c o n v e r g e n c e:
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EDITOR'S CHOICE: rain ananael's

Painted Hills by Keith Moul
Painted Hills by Keith Moul

by Scott Stambach

Fifteen billion years ago, when a tiny point of infinitely dense energy became discontent and blew itself to bits, eleven dimensions fought to be seen. There were four winners: the three dimensions we live our lives through­—that we crawl through, love through, and die through—and time. Seven others got lost in the folds, tucked in wrinkles one-millionth of one-millionth of one-millionth of the width of a hair.

I understand—you need to see this, really see it. Let me take you there. Imagine that you’re at the edge of the universe; the entirety, the infinity, the diffuse light of the 100 billion trillion stars glowing like a cosmic golden egg. You slowly zoom in for what feels like an exhausting inhalation of time, honing in on one random incendiary star. You zoom further to the tiny grain of sand floating around it. Keep going. Push deeper until the color and texture of the grain comes into focus and you see the familiar forms of broken mountains, and jade forests, and oceanic waves, and fields of grass, and then into a single blade. Slide into its vasculature, into knotted ropes of molecules, into trembling atoms, and deeper still until you find an ominous wrinkle—here's where we find our loser. Let's call it the 6th dimension, but of course this number is perfectly arbitrary.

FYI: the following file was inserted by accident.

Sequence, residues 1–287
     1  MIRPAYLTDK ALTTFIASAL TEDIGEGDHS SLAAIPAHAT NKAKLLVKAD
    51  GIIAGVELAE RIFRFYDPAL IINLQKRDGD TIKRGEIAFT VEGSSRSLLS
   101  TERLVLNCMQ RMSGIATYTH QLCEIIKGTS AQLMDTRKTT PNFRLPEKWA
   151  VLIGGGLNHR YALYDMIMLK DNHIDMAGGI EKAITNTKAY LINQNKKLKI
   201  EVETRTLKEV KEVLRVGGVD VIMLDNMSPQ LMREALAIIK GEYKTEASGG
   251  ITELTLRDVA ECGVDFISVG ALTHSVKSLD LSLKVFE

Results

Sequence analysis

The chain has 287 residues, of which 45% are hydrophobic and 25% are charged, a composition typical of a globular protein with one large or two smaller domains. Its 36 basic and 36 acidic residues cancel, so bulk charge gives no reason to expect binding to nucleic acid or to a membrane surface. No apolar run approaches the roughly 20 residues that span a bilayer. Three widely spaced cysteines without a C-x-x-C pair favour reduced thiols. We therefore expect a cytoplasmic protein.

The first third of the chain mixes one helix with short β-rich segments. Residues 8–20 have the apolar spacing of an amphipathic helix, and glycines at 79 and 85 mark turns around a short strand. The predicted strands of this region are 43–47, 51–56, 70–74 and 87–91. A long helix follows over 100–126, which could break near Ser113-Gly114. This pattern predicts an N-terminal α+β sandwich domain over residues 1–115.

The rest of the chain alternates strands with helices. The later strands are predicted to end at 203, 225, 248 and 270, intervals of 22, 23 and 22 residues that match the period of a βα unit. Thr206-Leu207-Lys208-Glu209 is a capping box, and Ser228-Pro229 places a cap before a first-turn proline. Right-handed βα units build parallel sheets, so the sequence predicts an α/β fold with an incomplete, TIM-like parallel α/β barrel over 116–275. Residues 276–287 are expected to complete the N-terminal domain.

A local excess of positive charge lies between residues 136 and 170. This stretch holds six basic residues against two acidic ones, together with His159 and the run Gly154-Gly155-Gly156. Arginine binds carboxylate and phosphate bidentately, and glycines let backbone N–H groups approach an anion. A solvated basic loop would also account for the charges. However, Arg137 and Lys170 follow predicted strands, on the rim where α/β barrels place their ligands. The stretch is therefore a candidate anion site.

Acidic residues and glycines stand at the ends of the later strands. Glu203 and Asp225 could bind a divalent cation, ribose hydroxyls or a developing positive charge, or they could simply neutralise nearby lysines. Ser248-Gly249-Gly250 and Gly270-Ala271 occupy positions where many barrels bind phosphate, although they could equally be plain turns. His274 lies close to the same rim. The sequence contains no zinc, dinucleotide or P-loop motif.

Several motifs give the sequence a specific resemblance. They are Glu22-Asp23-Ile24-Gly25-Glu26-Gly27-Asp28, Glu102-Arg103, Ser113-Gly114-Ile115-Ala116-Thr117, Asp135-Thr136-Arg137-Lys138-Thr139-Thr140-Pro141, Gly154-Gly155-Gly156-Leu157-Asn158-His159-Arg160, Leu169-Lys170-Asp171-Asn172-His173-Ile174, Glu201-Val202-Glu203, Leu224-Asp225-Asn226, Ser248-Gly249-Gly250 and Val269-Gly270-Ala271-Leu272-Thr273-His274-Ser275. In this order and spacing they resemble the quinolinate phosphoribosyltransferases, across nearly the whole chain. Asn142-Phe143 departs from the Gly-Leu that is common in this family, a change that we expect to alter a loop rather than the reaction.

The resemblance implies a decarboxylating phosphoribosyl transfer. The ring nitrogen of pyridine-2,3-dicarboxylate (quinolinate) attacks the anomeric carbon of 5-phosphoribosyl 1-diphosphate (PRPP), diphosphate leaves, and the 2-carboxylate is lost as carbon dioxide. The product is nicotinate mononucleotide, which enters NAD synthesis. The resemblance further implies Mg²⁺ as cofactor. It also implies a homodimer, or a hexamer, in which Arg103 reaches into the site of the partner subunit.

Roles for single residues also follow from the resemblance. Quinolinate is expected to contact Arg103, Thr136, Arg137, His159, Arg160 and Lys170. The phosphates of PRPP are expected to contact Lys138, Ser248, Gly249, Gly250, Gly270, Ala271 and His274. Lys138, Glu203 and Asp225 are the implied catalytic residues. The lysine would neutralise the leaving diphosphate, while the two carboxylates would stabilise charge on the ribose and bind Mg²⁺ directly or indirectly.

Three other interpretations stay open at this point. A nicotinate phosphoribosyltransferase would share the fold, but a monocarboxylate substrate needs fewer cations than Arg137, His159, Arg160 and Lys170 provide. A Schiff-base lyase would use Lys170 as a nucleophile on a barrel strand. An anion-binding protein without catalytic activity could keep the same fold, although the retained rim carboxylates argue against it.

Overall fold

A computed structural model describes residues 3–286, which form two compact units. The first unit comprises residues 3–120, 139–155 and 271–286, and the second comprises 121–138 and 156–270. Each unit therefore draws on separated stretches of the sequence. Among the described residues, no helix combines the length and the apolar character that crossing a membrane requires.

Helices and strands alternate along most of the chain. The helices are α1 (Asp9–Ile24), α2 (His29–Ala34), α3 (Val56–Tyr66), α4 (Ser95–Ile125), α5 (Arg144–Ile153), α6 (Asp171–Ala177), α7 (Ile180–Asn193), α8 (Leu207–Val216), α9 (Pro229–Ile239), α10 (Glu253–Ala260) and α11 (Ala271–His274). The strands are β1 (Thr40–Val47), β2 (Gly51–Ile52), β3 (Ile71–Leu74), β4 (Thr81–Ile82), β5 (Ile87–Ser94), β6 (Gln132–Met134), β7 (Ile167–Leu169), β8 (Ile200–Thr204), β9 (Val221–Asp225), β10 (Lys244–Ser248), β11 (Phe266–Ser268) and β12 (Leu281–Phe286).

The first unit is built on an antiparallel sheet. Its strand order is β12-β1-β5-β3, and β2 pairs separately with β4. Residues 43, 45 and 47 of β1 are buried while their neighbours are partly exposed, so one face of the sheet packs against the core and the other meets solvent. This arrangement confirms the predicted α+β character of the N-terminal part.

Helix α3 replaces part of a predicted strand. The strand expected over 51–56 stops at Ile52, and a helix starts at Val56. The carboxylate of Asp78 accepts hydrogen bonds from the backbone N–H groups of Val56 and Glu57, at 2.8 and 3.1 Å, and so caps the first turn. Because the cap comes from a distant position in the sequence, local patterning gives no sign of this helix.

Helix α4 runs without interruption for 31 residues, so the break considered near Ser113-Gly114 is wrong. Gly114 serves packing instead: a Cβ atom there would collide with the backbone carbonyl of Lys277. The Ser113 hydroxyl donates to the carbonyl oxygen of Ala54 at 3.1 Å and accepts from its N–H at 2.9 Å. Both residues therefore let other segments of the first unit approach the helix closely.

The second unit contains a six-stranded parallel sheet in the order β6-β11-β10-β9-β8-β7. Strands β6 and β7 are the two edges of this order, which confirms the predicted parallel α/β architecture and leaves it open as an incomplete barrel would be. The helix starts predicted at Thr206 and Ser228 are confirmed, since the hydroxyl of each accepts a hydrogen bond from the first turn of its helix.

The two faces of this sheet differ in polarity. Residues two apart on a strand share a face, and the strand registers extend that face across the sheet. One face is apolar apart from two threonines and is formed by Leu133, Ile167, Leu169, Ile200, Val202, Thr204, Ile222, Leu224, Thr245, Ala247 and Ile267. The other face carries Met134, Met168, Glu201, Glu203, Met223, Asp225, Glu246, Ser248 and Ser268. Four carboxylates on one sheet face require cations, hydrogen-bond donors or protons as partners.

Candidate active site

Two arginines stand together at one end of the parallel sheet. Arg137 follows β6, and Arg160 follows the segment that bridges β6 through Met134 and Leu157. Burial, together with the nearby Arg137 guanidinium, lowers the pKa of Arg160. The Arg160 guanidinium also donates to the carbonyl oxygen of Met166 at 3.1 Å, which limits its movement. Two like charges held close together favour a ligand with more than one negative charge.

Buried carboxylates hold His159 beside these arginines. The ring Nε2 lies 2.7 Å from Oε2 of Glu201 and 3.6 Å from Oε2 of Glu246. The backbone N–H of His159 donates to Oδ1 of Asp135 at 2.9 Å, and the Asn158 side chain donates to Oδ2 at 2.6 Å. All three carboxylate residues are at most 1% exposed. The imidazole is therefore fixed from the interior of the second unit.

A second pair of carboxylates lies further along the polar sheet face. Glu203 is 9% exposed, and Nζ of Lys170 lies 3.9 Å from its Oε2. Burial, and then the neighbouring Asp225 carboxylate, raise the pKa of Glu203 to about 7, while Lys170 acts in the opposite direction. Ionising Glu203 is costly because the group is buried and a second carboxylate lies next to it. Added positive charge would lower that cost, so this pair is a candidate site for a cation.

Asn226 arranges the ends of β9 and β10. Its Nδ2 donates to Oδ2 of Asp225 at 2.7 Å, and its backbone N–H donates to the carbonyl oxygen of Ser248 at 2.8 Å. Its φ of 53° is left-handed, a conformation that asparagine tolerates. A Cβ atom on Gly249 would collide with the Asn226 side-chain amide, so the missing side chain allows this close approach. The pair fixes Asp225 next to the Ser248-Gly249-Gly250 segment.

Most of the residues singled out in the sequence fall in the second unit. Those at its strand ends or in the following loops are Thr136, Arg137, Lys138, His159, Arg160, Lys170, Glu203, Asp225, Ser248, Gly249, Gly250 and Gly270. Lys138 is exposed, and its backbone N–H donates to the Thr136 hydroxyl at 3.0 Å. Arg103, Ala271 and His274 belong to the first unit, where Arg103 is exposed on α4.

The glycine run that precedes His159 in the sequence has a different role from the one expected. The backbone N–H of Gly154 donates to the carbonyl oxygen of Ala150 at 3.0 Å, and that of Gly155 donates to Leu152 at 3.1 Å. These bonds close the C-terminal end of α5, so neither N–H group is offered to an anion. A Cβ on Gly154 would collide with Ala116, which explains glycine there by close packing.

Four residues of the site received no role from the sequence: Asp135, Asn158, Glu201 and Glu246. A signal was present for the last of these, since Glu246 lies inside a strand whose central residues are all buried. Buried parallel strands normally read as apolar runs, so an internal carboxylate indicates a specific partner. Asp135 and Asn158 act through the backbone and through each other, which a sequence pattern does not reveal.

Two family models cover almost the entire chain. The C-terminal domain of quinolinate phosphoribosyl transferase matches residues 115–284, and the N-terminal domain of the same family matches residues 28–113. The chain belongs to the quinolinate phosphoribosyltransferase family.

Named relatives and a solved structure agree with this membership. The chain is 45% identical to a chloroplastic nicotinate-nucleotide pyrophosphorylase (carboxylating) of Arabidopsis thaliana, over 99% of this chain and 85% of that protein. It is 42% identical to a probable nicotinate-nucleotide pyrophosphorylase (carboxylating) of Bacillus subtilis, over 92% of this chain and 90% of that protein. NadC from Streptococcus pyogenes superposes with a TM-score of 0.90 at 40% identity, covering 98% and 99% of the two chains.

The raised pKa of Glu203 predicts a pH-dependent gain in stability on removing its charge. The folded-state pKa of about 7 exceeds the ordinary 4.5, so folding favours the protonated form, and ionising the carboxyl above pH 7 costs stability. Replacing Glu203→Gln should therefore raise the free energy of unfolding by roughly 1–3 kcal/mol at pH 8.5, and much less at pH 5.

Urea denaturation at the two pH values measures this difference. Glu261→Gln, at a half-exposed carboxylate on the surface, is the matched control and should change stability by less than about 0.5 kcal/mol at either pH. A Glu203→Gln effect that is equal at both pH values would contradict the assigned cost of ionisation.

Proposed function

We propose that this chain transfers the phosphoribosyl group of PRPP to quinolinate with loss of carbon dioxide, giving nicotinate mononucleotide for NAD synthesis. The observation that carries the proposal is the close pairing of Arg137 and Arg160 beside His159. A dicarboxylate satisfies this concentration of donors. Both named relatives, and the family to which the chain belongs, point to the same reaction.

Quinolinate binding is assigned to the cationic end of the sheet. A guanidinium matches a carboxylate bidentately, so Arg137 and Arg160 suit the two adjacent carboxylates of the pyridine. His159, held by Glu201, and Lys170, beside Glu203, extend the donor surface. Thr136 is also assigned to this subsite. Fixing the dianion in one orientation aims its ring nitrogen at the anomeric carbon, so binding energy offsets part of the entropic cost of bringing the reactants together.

I want to tell you about its one resident. She's a sprite, but that's not quite right. A sprite is, of course, sprightly. We could call her fairy, but this is not right either. We would be using our heads, our thoughts, a conglomeration of images from our memory, and our memory is only of things up here, which you could imagine—actually no you can't—is so unthinkably different from what's down there. So let's throw it all away. You say you can't? You tell me it's like trying not to think of the infamous pink elephant. You're so predictable. You may also be right—you may not be able to let it go. But I'm going to ask you to do it anyway.